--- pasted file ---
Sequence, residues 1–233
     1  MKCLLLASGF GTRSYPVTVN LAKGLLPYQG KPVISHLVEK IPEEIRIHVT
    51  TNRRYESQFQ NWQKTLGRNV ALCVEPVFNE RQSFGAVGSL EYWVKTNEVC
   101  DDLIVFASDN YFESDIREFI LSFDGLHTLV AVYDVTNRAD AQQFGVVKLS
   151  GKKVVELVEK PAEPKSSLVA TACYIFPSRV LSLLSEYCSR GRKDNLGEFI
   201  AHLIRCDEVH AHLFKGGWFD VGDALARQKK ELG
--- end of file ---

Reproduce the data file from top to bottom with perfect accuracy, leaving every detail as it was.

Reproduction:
Sequence, residues 1–233
     1  MKCLLLASGF GTRSYPVTVN LAKGLLPYQG KPVISHLVEK IPEEIRIHVT
    51  TNRRYESQFQ NWQKTLGRNV ALCVEPVFNE RQSFGAVGSL EYWVKTNEVC
   101  DDLIVFASDN YFESDIREFI LSFDGLHTLV AVYDVTNRAD AQQFGVVKLS
   151  GKKVVELVEK PAEPKSSLVA TACYIFPSRV LSLLSEYCSR GRKDNLGEFI
   201  AHLIRCDEVH AHLFKGGWFD VGDALARQKK ELG